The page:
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Wednesday, July 25, 2007

Patience for process, incentives, ideology, interests, all the raw material of politics

Home > Edits & Columns Prime Minister Kalam? Pratap Bhanu Mehta Indian Express: Wednesday, July 25, 2007 His popularity is testament to the possibility of political leaders transcending class barriers
The standard narrative about A.P.J. Abdul Kalam’s immense popularity emphasises the fact that he was an apolitical individual, above the partisanship and pettiness of what we now take to be politics. But there is good reason to think that the opposite is true. What made him appealing to so many was that he offered a different vision of politics; he came to personify what people, in other times and places, expected of their politicians. His greatest success was that, as is the case with great politicians, the idea of Kalam became more important than the individual Kalam.
So his individual failings, his occasionally comic persona, his untiring didacticism, his track record of being a survivor in an immensely politicised defence research establishment, the uncertainties over the extent of his scientific contributions, his mushy poetry and even occasional lapses of constitutional judgment became more or less irrelevant to his image. He was the president, who once he took high office put the people beside him...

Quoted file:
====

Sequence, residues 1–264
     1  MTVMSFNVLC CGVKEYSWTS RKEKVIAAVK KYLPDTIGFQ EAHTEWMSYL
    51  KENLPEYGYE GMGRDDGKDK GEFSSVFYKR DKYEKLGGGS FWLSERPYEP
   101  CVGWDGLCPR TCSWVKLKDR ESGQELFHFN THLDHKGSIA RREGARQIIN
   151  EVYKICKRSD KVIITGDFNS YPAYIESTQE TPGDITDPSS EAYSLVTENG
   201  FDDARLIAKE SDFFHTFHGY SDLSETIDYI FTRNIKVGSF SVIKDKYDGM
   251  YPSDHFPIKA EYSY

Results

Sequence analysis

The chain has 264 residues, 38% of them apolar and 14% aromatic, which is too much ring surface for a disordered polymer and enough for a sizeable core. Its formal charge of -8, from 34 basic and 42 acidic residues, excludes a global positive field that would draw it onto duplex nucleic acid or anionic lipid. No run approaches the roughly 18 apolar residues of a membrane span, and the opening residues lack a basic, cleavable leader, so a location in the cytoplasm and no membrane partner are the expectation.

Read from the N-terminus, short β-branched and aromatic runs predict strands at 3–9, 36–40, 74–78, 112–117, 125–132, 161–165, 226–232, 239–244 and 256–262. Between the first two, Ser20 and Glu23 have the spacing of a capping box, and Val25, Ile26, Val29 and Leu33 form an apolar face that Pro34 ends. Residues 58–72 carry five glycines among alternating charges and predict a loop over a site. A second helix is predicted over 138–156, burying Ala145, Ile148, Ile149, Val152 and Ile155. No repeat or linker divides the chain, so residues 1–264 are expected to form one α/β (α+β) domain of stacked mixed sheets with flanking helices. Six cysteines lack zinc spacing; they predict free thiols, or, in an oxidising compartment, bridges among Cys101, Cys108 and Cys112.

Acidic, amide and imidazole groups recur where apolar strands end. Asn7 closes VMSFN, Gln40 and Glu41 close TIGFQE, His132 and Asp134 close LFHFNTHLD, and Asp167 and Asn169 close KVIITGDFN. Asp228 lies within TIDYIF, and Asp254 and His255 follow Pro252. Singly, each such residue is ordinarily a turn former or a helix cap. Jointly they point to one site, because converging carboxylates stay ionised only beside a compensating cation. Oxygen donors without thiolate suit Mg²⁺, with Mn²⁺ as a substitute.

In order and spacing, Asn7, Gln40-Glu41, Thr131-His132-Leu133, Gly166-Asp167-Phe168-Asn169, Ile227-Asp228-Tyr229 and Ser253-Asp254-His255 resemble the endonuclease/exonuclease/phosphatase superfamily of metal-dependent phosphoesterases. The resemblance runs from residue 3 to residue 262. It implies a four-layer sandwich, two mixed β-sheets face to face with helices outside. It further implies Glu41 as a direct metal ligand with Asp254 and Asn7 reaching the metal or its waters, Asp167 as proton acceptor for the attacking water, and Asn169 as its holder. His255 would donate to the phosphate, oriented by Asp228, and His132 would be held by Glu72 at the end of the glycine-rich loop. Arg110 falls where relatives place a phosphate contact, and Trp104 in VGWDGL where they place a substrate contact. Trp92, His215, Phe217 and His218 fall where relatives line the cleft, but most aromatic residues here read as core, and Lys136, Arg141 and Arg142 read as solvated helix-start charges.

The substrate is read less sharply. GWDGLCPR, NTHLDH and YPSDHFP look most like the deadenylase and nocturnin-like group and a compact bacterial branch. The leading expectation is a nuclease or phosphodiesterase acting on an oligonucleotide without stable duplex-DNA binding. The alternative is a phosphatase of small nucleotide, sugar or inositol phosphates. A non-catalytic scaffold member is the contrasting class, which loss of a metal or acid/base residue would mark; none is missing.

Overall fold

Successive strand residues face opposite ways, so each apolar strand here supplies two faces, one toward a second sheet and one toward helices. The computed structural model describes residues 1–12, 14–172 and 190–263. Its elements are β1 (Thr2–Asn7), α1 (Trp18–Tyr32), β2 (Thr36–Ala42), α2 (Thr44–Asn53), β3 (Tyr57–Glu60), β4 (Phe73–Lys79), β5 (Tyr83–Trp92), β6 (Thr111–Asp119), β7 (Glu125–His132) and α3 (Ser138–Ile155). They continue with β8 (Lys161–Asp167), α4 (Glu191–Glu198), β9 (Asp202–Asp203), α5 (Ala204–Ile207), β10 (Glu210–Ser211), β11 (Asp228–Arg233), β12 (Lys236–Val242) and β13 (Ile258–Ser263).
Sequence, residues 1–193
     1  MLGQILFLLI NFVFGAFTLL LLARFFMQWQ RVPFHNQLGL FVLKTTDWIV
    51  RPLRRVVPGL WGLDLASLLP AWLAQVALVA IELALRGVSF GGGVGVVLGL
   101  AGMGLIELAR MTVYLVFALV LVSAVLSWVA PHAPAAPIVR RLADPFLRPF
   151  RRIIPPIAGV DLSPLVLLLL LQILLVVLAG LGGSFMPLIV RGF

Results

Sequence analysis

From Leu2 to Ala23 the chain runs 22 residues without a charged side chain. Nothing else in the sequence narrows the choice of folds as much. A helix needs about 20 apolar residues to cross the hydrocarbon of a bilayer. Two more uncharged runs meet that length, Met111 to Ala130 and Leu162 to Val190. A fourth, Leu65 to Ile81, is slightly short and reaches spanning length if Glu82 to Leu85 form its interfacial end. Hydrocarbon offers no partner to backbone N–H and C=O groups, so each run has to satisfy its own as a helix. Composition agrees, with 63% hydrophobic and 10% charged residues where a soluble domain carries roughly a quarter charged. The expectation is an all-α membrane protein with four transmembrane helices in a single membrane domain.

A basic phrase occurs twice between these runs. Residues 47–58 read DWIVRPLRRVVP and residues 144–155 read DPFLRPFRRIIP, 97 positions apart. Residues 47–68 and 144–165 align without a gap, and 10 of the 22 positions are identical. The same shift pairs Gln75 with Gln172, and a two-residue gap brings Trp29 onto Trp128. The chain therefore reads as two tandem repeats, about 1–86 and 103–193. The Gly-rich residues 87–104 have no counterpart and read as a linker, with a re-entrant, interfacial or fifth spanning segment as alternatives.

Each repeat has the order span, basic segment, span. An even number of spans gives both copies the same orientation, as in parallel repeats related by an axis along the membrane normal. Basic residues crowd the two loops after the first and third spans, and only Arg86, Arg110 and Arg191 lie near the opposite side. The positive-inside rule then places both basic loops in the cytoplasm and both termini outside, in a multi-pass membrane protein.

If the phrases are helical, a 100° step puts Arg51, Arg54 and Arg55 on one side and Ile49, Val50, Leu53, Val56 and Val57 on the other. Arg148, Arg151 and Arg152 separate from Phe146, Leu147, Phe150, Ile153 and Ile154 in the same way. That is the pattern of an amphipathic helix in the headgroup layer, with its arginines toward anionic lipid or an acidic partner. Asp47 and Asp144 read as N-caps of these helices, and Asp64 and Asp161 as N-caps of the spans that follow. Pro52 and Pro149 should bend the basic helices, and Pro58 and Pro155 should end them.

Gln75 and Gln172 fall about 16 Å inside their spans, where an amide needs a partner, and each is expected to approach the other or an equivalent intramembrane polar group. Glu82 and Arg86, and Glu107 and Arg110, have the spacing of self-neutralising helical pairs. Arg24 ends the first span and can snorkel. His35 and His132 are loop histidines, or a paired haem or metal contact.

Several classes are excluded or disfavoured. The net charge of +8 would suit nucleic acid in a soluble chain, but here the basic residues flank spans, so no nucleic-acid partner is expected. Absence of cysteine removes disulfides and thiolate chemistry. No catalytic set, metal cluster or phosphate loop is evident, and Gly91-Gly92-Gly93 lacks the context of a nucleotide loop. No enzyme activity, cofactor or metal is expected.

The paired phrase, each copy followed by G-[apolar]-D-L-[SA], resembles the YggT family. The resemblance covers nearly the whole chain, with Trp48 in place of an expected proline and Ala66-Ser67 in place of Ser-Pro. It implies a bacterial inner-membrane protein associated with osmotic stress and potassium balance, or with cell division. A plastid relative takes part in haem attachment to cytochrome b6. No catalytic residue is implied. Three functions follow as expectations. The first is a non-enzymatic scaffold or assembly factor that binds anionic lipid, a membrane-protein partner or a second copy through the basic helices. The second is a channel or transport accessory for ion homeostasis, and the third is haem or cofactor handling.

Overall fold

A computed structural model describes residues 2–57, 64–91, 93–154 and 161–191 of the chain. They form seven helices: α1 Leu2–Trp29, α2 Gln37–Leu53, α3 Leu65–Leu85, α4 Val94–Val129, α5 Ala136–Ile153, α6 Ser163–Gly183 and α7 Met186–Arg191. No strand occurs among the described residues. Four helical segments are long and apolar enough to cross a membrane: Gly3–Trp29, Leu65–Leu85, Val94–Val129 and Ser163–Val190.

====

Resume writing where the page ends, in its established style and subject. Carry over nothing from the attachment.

Indeed, the strength and weakness of Kalam’s outlook is that it is very much an engineer’s: it has little patience for process, incentives, ideology, interests, all the raw material of politics. But it has also helped define the aspirations of a new and emerging India...But did this engineering outlook on social problems make Kalam a politician? Not in one significant sense. Part of what people expect from their leaders is hope, a set of answers to their challenges, a set of possibilities, even a plan of action...
Kalam was engaging in politics in the deeper sense of the term: he had an unerring instinct for what the people were looking for, he never criticised but only proposed alternatives, he levelled distinctions between people not by lowering the elite but by raising the aspirations of masses, and he relentlessly called attention to the fact that the Office was a means not an end. It is always possible to probe further into his motives and compromises. But he succeeded not because he was apolitical but because he had a sense of what people want in a politician: the capacity to project a future full of possibilities with conviction and sincerity. The writer is president, Centre for Policy Research

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